1. TOP
  2. Press Release
  3. International Ocean Discovery Program (IODP) Expedition 402 Tyrrhenian Continent-Ocean Transition

International Ocean Discovery Program (IODP) Expedition 402 Tyrrhenian Continent-Ocean Transition


As part of the International Ocean Discovery Program (IODP)※1, JOIDES Resolution※2 research cruise IODP Expedition 402 is set to begin on 9 February 2024 (see addendum).

Totally twenty-six researchers from Australia, China, France, Germany, India, Italy, Japan, Spain and the United States are scheduled to join this research cruise, including three Japanese onboard research participants.

Supplemental Information

International Ocean Discovery Program (IODP)
This international scientific research cooperative project started in October 2013. By drilling deep below the ocean floors using drilling vessels provided by Japan (JAMSTEC DV Chikyu), the United States (JOIDES Resolution), and Europe (Mission-Specific Platforms), IODP promotes research aimed at elucidating the internal structure and the biosphere within and below the Earth’s crust.


JOIDES Resolution
The JOIDES Resolution Science Operator (JRSO) manages and operates the riserless drillship, JOIDES Resolution, for the International Ocean Discovery Program (IODP). The JRSO is based in the College of Geosciences of Texas A&M University.

JOIDES Resolution ©IODP


Tyrrhenian Continent-Ocean Transition

1. Schedule (local time)

IODP Expedition 402

9 February 2024
Research cruise begins (Port of departure: Naples, Italy)
8 April 2024
Research cruise finishes (Port of return: Naples, Italy)
※The schedule may change depending upon the condition/inflences of COVID-19, the progress in sailing preparations, weather conditions, research activities, etc.

2. Scientists scheduled to participate from Japan

Name Affiliation / position Specialized field
Norikatsu Akizawa Atmosphere and Ocean Research Institute
University of Tokyo / Assistant Professor
Inorganic Geochemist
Noriaki Abe Tono Geoscience Center, Japan Atomic Energy
Agency (JAEA) / Doctoral Fellow
Physical Properties Specialist
Tomoaki Morishita School of Geosciences and Civil Engineering
College of Science and Engineering
Kanazawa University / Professor
Igneous Petrologist

3 Research Purposes and Objectives

The discovery in the 1980s of exposed mantle in the continent–ocean transition west of Iberia started an ongoing debate on the mechanisms of lithospheric extension and mantle exhumation, on the definition of continental break-up and initial seafloor spreading, on the nature of the continent–ocean transition, and on the first emplacement of oceanic crust. Our imperfect understanding of continent–ocean transition processes and of the onset of seafloor spreading is largely due to the worldwide limitation on drilling basement rocks typically buried under several kilometers of sediments. There are four main reasons to drill the Tyrrhenian Basin: it is very young and consequently has a thin sedimentary cover; its bedrock lithology and stratigraphy is extremely well documented by more than 40 y of academic investigations; a 30 m section of partially serpentinized peridotite has been already recovered in the center of the basin; and extensive recent seismic refraction and reflection experiments suggest that most of the basement in the center of the Tyrrhenian is made of exhumed mantle. Expedition 402 will drill two perpendicular transects. An east–west transect will target the progression from magmatic crust to exposed mantle; a north–south transect will map the fault zone that exhumed mantle. Drilling will sample the mantle, the associated magmas, and the products of syntectonic, and possibly ongoing, fluid-rock interaction to evaluate the geochemical exchange between the lithosphere and the hydrosphere and potential related ecosystems.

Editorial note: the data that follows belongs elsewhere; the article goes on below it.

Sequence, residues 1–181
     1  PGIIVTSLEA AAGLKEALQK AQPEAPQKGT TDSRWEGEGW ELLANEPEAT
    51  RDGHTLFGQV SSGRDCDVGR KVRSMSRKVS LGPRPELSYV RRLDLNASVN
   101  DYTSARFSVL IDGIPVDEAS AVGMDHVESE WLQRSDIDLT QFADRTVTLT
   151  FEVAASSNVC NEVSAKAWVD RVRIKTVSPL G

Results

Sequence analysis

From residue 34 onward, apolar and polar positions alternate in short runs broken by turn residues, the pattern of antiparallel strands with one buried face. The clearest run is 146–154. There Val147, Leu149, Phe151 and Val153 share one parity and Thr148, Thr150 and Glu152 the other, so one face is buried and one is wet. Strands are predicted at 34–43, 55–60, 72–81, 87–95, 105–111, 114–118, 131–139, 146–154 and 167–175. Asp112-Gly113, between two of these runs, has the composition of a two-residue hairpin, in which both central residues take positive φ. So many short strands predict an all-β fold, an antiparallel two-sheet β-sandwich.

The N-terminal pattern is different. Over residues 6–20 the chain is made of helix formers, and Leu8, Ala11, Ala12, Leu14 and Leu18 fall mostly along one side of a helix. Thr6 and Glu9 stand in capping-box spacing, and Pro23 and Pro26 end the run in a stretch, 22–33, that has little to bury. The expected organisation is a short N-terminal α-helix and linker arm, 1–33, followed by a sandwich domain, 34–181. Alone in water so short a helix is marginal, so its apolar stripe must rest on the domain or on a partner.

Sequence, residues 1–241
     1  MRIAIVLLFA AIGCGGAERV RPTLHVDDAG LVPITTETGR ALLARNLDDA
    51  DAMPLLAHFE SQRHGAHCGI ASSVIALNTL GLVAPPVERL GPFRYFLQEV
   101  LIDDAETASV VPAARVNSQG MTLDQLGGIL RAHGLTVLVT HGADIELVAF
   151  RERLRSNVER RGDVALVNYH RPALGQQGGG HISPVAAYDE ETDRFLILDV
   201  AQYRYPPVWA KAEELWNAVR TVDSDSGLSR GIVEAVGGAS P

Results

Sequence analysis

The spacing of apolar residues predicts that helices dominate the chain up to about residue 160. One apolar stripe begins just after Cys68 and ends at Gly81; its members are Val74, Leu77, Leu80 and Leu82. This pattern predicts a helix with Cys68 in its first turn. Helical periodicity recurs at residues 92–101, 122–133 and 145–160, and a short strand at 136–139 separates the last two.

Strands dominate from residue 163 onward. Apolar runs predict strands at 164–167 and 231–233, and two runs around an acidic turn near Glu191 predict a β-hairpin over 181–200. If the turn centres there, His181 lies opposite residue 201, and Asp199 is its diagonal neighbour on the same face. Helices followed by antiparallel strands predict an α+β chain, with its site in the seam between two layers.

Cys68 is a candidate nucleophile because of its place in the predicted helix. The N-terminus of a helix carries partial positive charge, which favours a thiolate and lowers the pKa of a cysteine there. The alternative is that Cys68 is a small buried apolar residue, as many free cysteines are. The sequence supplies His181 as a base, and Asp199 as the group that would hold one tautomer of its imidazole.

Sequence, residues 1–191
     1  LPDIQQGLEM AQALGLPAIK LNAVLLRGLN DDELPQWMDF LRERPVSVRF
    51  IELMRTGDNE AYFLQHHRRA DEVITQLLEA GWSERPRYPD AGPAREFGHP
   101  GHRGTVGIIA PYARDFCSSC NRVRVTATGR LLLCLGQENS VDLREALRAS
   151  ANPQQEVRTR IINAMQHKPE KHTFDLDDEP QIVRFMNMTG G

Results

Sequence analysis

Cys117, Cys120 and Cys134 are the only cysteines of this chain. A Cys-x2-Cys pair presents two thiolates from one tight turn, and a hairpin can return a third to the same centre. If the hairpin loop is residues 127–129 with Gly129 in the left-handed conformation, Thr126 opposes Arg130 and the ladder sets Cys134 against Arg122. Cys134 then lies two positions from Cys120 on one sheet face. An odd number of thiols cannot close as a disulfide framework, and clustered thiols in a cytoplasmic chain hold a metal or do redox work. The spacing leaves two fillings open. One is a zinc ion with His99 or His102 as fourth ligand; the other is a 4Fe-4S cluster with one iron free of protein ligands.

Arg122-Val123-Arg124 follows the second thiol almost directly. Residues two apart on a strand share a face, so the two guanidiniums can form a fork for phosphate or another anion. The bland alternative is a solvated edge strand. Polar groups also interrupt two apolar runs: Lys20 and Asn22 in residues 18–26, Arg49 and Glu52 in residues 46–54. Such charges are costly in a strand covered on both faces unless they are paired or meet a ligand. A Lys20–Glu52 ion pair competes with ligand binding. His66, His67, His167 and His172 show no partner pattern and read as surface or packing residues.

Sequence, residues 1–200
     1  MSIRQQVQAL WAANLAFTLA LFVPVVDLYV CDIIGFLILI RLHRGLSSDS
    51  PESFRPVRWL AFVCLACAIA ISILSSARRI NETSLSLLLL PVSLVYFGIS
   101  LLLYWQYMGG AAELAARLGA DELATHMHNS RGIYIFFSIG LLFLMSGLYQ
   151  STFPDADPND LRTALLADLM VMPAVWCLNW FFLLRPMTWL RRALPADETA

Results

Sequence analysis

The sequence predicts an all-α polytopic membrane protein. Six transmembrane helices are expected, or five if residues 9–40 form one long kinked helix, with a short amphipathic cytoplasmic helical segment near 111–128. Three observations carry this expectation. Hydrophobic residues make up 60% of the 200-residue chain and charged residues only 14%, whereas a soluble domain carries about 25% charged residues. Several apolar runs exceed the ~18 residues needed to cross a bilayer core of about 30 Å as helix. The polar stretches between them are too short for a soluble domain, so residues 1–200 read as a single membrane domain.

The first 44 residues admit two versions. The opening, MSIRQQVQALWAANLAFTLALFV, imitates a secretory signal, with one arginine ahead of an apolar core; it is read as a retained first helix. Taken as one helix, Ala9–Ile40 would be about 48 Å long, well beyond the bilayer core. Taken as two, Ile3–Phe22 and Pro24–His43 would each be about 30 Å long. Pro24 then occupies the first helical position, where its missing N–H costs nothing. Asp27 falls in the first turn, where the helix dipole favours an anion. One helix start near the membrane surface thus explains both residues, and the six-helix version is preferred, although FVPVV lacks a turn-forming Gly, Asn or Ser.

Zitellini, N., Malinverno, A., and Estes, E.R., 2023. Expedition 402 Scientific Prospectus: Tyrrhenian Continent–Ocean Transition. International Ocean Discovery Program.


Figure Topographic map of the continent and seafloor in the study are with the locations of the planned drilling sites.
The orange and yellow circles represent the primary target site and alternate site, respectively (cited from IODP Exp. 402 Scientific Prospectus).

Table List of drilling sites in the projected target
Site / borehole name Water depth (m) Target drilling depth (m) No. of scheduled working days
TYR-09A 3,544 418 11
TYR-07A 2,711 265 5
TYR-12A 3,601 723 13
TYR-10A 3,555 435 10
TYR-02A 2,824 632 8
TYR-11A 3,549 342 10

Note: Drilling sites may change depending upon sailing preparations, weather conditions, and/or research progress.

*Figure is cited from the IODP website with partial modification.

For IODP and this scientific expedition

Saneatsu Saito, Deputy Director, Operations Department, Institute for Marine-Earth Exploration and Engineering

For press release

Press Office, Marine Science and Technology Strategy Department